Spring is the best time to visit the Oregon coast and see gentle giants on their 12,000-mile journey to Alaska.
It’s almost like spotting a shooting star. You patiently scan the dark blue ocean, hoping for a glimpse of a whale spout or a fluke breaking the surface. Knowing these enormous, otherworldly creatures are hovering just below, about to appear at any moment, makes your heart race. Then, a movement in the distance. Somehow you know it’s more than just a swollen wave. Suddenly a giant animal shoots out of the water, amazing everyone around you into a stunned silence that breaks only after the beast’s crashing splash back into the sea.
Whale spotting is part luck, part perfect timing, so mark your calendar. Twice a year (in March and December), whale-savvy volunteers staff 28 posts along the Oregon coast, eager to share their knowledge with anyone passing by. You can watch from land or sea and pick up loads of info from either perch.
The great Pacific Ocean migration runs like clockwork for an estimated 20,000 gray whales. The mammals winter in the lagoons
of Baja Mexico, mating and birthing calves. Then nearly all of them head to the Bering and Chukchi seas off Alaska to summer
in the crustacean-rich Arctic. After the males journey north in February, mothers and calves travel together, swimming closer
to shore to protect against deep-water threats like great white sharks and orcas. All in all, it’s a 12,000-mile convoy.
Of course, the sight is spectacular even when you see just one or two. Read on for ways to make the most of your whale-watching vacation.
It might seem less than ideal to search for whales from shore, but Whale Week sites offer perfect vistas. During 10 a.m. to 1 p.m. shifts, volunteers with the Oregon Parks “Whale Watching Spoken Here” program set up shop next to lighthouses, on beaches, and near cliffs. They offer advice for spotting migrating gray whales and teach basic sea-mammal biology. Visitors rarely find empty seas. Last March, more than 13,000 people saw more than 2,000 of the creatures. You’ll want binoculars, and here’s a tip: Raise them slowly or you’ll have a hard time zooming in on what your naked eye suspects is a whale. There’s probably already a group of people scanning the horizon; join them and wait to hear, “I see one!” The excitement is contagious.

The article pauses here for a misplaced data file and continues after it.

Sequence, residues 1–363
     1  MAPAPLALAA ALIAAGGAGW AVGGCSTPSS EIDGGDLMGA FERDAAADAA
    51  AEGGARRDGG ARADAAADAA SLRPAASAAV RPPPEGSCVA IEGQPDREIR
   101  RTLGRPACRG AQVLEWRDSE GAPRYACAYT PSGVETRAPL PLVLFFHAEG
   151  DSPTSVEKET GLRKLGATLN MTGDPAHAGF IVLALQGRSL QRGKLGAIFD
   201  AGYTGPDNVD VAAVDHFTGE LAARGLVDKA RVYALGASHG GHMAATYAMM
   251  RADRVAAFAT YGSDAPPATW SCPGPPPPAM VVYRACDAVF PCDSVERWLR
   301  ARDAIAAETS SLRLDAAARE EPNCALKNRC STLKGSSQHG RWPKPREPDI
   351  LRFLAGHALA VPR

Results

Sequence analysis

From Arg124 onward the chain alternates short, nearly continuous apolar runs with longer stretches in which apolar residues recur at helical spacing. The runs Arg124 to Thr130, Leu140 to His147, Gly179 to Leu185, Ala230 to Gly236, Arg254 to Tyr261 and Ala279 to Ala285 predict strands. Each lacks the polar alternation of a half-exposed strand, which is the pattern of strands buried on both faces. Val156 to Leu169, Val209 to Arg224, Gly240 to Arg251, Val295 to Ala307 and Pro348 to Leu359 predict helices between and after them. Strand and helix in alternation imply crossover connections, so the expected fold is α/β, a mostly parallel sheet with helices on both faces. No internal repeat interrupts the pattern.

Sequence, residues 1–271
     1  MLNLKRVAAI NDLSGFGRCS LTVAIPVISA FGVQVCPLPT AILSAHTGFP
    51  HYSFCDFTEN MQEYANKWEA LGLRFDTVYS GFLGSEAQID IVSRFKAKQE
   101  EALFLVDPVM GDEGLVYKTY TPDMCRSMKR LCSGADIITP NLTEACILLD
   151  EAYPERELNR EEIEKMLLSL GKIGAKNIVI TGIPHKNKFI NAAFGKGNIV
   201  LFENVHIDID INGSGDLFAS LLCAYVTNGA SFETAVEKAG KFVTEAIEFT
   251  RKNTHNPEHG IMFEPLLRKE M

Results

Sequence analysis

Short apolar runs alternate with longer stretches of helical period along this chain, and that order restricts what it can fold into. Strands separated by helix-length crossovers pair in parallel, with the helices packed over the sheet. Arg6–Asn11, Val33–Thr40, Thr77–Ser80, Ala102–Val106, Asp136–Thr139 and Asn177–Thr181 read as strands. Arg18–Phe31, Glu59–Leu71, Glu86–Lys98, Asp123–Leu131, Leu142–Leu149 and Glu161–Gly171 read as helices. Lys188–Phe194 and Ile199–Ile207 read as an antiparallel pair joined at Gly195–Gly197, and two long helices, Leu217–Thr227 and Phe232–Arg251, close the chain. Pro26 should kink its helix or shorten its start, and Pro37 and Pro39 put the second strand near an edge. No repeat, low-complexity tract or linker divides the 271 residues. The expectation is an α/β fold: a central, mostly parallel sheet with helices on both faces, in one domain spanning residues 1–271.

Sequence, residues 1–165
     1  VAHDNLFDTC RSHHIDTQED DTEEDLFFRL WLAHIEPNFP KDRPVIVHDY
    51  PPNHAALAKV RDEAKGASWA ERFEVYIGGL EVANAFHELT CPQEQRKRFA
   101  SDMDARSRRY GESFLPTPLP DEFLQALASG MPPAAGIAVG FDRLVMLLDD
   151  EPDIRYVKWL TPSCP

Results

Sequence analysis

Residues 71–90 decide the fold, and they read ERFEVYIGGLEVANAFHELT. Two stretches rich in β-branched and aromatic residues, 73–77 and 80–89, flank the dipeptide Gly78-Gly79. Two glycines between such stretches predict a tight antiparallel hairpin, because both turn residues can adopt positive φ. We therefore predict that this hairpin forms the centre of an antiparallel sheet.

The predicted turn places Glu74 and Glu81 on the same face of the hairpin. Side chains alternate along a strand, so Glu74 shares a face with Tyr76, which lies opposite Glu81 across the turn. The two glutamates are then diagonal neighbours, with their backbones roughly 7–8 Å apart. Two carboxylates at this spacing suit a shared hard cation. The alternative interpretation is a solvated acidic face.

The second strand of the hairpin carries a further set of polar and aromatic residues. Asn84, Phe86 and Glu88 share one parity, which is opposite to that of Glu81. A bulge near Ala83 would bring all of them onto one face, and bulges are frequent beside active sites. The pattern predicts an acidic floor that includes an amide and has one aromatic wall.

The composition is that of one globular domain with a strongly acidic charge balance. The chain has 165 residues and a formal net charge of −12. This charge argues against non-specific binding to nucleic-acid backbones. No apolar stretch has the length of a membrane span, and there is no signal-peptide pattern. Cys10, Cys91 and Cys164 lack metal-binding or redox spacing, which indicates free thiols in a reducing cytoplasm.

Tour boats put you right in the middle of the action. On the 47-foot Morning Star, one of several whale-watching charters operating out of Depoe Bay, expectant seafarers spend an hour with their eyes trained on the indigo water. Then a whale flips a fin, or a spout erupts into air, and jubilant shouts ring out on deck. Spectators rush to the appropriate side for a look. Try your luck year-round out of Depoe Bay, where cruises begin at $18; tradewindscharters.com.
For whale watchers and ocean lovers alike, Oregon’s lighthouses provide spectacular lookouts for gazing out to sea. Of the 28 official Whale Week sites, five are beacons. Near dairy town Tillamook, Cape Meares Lighthouse draws a crowd, rain or shine. Down south, Cape Blanco’s 139-year-old lighthouse stares down choppy seas on its cliffside spur. For tops in the awe category, admire the island lighthouse’s how-did-they-do-that construction near Cannon Beach on The Rock near Ecola State Park. Visit discoveroregonlighthouses.com.
Bright, sunny March days in Oregon are like somersaulting gray whales—unpredictable. Last March, temperatures in Pacific City and Coos Bay hit the mid-50s while a slushy snow fell inland. Three gear musts: warm but non-bulky gloves, thin shirts for layering, and a foul-weather jacket.
If you can’t make it during Whale Week, come a few months later. Depoe Bay, home to the state’s Whale Watching Center, boat tours, and whale-inspired shops and cafés, may be the gray capital of the West Coast. Nearly 50 whales spend the spring and summer in the area. Local marine biologist Carrie Newell assigns them identifying names such as Notch, Zebra Stripe, and Scarback. “These are probably the most-seen whales in the United States,” she says. For a close encounter, she takes six-person groups into the bay on her Zodiac boat. To book a late spring or summer boat trip, call 541/912-6734.
When to go: Ideally late March, and again in December, usually the last week of the year. While volunteers are available to lead the
quest only during these weeks, sightings are possible every week of the year (though less frequent in November and February).
Check whalespoken.org for details.
Getting there: Fly into Portland International Airport (PDX) and head 70 miles west on scenic U.S. 26 to Cannon Beach.
Scenic detours: Explore Tillamook, Depoe Bay, and the rugged river port of Brookings. Your main whale-watching route, U.S. Hwy 101, passes smokehouses, crab houses, pancake houses, espresso huts, and welcoming sea villages. For an ocean view hike, try the Neahkahnie Mountain turnout between mile markers 41 and 42.
Inn love: Check into the updated Inn at Cannon Beach, from $169; atcannonbeach.com.
For the best meal, hit Lincoln City’s BlackFish Café. Fresh and local offerings range from seafood-studded cioppino to salmon to duck breast.
Pig ’N Pancake (Astoria, Cannon Beach, Seaside) is an Oregon coast classic. Try the homemade banana pancakes with orange-pineapple syrup. Yum!
Pelican Pub & Brewery (Pacific City), a maritime public house, is a rare treat: an oceanfront brewery. Award-winning ales, pan-fried mahi mahi, and beer-battered fries will fuel you up for more whale watching. Or stay awhile and enjoy the wide-open views of Haystack Rock and Cape Kiwanda.